This is an archive of the Treatment Action Campaign's public documents from December 1998 until October 2008. I created this website because the TAC's website appears unmaintained and people were concerned that it
was becoming increasingly hard to find important documents.

The menu items have been slightly edited and a new stylesheet applied to the site. But none of the documents have been edited, not even for minor errors. The text appears on this site as obtained from the Internet Archive.

The period covered by the archive encompassed the campaign for HIV medicines, the civil disobedience campaigns, the Competition Commission complaints, the 2008 xenophobic violence and the PMTCT, Khayelitsha health workers and Matthias Rath court cases.

TAC Electronic Newsletter

4 August 2005


In Brief:

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Access to treatment breakthrough in Queenstown

(This is an abbreviated report. A detailed report is available here on the TAC website.)

On 26 July 2005, TAC held a demonstration at Frontier Hospital in Queenstown. This followed months of efforts to increase access to treatment in Queenstown and excessive use of force by police at a TAC march on 12 July.

At the 26 July event and meetings surrounding this event, TAC met with officials from the Eastern Cape Department of Health and Frontier Hospital, as well as the police. We are pleased to report that there has been progress.


Remembering Ronald Louw

A memorial service for Ronald Louw, anti-Apartheid and gay rights activist, who died of AIDS at age 47 on 26 June 2005, will be held on Friday. (For more on Louw's life, see this obituary by Zackie Achmat.)

A campaign to encourage people to get tested and treated will be launched at the memorial service.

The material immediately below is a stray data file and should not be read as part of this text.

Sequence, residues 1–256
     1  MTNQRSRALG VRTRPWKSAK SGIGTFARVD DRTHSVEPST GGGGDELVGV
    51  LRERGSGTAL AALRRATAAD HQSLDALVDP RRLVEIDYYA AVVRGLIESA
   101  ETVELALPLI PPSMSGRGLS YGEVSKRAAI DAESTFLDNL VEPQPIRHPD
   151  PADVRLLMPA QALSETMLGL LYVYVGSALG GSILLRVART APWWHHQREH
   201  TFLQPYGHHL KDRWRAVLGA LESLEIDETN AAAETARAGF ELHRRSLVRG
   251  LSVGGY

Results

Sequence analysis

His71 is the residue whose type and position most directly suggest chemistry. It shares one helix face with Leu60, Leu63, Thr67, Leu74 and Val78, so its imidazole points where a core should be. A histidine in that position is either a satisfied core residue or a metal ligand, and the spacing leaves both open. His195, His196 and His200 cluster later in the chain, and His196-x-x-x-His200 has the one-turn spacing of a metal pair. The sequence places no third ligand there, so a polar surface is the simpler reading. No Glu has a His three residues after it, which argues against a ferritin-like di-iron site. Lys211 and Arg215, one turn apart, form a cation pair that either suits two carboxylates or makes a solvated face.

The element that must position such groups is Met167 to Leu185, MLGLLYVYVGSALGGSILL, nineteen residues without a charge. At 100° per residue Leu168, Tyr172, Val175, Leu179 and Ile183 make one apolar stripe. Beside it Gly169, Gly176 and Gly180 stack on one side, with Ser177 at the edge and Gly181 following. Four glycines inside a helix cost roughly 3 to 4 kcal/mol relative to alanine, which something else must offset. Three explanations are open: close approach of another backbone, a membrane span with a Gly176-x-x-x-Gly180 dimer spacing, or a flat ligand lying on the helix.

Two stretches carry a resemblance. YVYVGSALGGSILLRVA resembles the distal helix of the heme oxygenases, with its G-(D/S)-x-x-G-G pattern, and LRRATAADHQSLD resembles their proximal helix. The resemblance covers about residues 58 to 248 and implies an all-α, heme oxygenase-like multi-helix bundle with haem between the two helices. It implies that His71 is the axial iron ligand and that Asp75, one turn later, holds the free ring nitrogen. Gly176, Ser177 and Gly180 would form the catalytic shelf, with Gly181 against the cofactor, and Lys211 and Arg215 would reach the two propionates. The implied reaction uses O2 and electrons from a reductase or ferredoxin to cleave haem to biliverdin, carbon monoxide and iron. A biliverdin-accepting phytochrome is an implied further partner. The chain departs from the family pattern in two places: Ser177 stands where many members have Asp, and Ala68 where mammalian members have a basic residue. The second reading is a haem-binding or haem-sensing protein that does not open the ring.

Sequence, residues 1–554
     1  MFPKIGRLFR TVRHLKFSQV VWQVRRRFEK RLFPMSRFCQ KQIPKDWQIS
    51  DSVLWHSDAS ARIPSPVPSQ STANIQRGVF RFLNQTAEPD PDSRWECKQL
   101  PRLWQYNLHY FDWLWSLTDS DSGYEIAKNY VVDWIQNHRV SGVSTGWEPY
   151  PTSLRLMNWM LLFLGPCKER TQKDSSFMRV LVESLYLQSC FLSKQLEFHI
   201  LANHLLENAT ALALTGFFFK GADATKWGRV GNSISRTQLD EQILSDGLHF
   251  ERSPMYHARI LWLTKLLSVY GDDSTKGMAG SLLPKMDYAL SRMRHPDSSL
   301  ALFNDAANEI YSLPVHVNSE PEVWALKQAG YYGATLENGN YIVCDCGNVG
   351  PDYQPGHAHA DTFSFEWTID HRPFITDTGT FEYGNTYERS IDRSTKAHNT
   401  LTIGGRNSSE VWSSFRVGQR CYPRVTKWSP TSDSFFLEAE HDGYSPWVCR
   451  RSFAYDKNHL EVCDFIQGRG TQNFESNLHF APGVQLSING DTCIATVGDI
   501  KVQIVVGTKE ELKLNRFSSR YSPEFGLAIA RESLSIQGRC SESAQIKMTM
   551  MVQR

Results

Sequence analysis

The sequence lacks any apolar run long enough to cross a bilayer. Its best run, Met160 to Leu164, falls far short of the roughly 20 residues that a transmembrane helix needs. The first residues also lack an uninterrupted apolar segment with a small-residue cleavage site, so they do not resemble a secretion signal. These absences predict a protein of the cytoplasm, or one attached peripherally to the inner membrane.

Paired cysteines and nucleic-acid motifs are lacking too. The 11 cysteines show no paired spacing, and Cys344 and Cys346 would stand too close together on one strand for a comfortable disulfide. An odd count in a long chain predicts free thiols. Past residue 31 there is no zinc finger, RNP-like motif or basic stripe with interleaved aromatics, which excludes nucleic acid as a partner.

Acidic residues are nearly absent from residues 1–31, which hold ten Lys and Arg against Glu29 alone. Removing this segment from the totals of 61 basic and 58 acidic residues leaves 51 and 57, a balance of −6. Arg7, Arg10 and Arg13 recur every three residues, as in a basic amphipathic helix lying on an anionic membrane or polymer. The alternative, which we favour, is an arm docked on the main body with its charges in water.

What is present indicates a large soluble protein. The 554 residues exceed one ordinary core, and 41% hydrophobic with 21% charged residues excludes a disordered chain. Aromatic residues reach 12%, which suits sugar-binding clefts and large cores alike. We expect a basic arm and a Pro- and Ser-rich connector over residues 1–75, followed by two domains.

Date: Friday, 5 August 2005
Time: (15h00 for) 15h30-17h30
Venue: Shepstone 1 Lecture Theatre, Howard College Campus, University of KwaZulu-Natal


Generous response to Pretty's story

In our last newsletter we told the story of seven-year-old Pretty's struggle for access to antiretroviral treatment. We received a number of generous requests to sponsor Pretty's treatment, for which we are grateful. The first of these offers was taken up and treatment for Pretty is therefore being organised at the moment.


ALP/TAC submission to Parliament on amendments to the Patent Act

A draft bill amending the South African Patents Act has been tabled in Parliament. Jonathan Berger of the AIDS Law Project and acting on behalf of TAC presented a submission to Parliament on the proposed amendments on 2 August 2005.

The full submission is available here on the TAC website.

Summary of Submissions

We support the Bill in general and in principle.  However, we submit that if it is to play its rightful role in striking a balance between incentives for innovation and access to the benefits of scientific developments, it needs to be strengthened by:

Necessity of further amendments to the Patents Act

We would like to draw to the Portfolio Committee’s attention that South Africa requires a comprehensive review of its patent legislation to enable the development of an appropriate patent regime within the bounds of both what is permitted in terms of international trade law and what is required by international human rights law and the Constitution.  In many respects, the level of protection afforded to patentees in the Patents Act remains inappropriate for a country with our level of development, burden of disease and industrial strategy regarding the domestic generic pharmaceutical industry.